05 May 2006


It's been some time since I wrote about Polka Dot, but not long since I've thought about her. I am absolutely thrilled with my new ride and marvel at how much more space, speed and inboard engine I have now. But I miss my old boat.

I check up on her every time I'm at the marina and have even sailed over a few times to see her. It's hard to tell but I really don't think the new owner has taken her out. At least all the lines seem to be tied up exactly the same every time; maybe he's really precise.

I've really been on the fence to write about this particular incident but it really illustrates something that I worry about on the water -- does everyone out there sailing have the seamanship necessary for safety.

The day that the new owner bought Polka Dot, I stopped by the ATM, deposited the check and went home to enjoy my day and think about the new boat. About an hour later, I got a call, "the outboard isn't working, what am I doing wrong?" I talked him through it and concluded that he'd tried to put the engine into gear while it was still revving at too high of an RPM and that he'd never get it into gear.

The wind was coming from the East that day so he was pretty sure he couldn't sail into the dock, I wanted him to heave to or sail around for a while until the wind subsided a bit, but he wasn't comfortable with that so I looked online and got him the number for Vessel Assist. $300 later he was towed back into his slip but I couldn't help but think it was pretty irresponsible of him to take his wife and young son out without getting to know the boat first.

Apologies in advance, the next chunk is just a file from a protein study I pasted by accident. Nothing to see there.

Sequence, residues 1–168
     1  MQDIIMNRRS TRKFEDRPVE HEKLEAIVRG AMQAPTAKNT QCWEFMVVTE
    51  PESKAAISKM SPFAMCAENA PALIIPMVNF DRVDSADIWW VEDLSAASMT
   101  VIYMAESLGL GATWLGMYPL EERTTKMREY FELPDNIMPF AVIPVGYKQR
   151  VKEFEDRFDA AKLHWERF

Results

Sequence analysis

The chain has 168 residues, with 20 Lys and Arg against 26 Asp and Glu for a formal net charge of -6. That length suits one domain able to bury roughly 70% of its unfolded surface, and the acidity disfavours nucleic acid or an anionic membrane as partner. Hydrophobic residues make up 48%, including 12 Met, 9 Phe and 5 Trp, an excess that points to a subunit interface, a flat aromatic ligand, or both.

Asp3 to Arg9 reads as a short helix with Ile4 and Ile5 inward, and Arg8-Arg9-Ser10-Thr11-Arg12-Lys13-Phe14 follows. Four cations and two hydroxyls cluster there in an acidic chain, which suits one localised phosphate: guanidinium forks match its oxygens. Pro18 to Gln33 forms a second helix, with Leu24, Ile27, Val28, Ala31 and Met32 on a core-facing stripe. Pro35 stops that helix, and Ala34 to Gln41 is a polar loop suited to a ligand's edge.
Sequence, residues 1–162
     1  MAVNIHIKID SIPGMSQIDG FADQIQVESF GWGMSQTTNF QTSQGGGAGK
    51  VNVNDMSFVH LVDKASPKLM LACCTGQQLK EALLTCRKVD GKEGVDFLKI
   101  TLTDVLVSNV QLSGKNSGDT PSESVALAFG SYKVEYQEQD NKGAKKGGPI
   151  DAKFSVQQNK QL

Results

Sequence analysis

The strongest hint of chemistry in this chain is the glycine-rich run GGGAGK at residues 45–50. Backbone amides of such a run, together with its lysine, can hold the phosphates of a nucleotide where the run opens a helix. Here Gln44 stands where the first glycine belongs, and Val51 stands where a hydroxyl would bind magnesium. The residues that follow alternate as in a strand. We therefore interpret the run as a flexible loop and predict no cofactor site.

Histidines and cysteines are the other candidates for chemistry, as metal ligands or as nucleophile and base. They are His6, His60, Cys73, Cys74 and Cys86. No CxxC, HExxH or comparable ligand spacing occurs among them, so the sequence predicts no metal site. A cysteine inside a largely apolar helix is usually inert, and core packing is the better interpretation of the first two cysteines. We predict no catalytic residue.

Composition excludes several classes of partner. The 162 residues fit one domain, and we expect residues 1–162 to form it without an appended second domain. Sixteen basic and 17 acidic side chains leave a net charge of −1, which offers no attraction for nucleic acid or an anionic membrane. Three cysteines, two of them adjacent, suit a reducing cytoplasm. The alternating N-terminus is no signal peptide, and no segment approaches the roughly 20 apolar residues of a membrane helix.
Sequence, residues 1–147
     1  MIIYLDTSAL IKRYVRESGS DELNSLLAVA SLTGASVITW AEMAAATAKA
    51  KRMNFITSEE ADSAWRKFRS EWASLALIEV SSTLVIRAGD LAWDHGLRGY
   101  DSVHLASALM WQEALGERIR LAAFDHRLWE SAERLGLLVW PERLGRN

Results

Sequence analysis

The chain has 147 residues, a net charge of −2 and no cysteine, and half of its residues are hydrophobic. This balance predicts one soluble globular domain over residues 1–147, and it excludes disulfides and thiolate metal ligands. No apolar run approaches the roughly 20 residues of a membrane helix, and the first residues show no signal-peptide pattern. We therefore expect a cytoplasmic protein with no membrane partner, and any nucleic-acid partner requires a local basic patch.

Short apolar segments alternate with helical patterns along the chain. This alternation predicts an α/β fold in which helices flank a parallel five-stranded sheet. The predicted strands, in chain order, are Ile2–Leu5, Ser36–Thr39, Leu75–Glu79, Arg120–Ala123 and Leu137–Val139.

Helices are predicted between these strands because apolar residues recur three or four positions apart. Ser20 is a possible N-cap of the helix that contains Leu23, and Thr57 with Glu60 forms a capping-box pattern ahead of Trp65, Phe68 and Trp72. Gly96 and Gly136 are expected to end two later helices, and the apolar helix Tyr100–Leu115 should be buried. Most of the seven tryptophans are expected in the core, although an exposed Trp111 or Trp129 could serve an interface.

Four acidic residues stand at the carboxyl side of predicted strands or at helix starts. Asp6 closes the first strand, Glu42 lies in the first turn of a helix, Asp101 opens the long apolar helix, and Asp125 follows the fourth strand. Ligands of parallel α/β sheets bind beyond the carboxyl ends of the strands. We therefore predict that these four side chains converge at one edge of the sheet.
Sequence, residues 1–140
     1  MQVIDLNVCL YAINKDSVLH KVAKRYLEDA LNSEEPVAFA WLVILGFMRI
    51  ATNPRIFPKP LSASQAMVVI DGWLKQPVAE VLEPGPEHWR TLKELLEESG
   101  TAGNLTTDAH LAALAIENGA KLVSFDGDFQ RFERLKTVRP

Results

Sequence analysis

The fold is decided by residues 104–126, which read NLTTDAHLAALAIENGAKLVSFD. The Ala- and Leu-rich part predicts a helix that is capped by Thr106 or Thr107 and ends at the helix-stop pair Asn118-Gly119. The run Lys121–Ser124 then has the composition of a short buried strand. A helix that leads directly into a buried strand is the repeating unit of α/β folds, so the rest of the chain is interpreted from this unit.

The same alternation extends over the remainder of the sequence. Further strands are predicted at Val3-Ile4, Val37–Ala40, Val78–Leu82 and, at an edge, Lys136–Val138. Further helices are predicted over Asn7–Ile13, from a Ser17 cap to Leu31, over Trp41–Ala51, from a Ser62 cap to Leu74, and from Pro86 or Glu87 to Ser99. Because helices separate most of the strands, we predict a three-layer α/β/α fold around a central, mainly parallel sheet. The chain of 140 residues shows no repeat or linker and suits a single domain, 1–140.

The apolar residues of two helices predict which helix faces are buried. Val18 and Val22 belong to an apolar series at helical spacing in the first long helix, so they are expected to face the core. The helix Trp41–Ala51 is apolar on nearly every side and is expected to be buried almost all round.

I know that I could have gotten the boat back safely to some point on land in the marina but it makes me wonder how many of the people out there can't?

disclaimer: I know I'm not the hottest sh!t sailor in the world and I'm not saying that


Anonymous said...

Edward there are a lot of dumbos on the water. People don't seem to know their limits. I had a couple who I taught how to sail(Dinghy Sailing 1) on a Capri 14.2 tell me that they were going to sail to Hawaii after completing the course. I strongly encouraged them to go sailing with experienced offshore sailors and take a few more classes....NAVIGATION, Bareboat, etc... They ignored my advise. You can bring a horse to water but can't make him drink.

Anonymous said...

Admit it...you are the hottest shit sailor.

EVK4 said...

OK, you're right, I'm a bad ass sailor...I did foredeck on a J105 a few times.

Anonymous said...

From first hand experience, I can tell you that many recreational sailors can't sail their way out of a wet paper bag. I know. I've been there. My first sailboat was a series of non-fatal disasters that culminated in me and my family finally learning how to make the boat go.

Here on Galveston Bay, the water is warm year round. The avergage depth is 10 feet. And you can't sail out of sight of land unless you go into the Gulf. As long as you stay clear of the ship channel and bring a lifejacket for every person, you really can't hurt yourself too badly.

In environments like mine, safety is commonly overrated.

Zen said...

The guy maybe scared himself or worse, the wife!

s/v Zen

Pat said...

As we've been known to say,
"Oh no, not another learning experience!" Or, in other words, at some point or another we all reach or exceed the limits of our competence, and if we're smart, we'll try to learn from the mistakes and wisdom of others at least some of the time. Still, there are the occasions upon which it's my solemn duty to be the screw-up guy from which others can learn, and I take that responsibility seriously, as my spouse Carol Anne can tell you.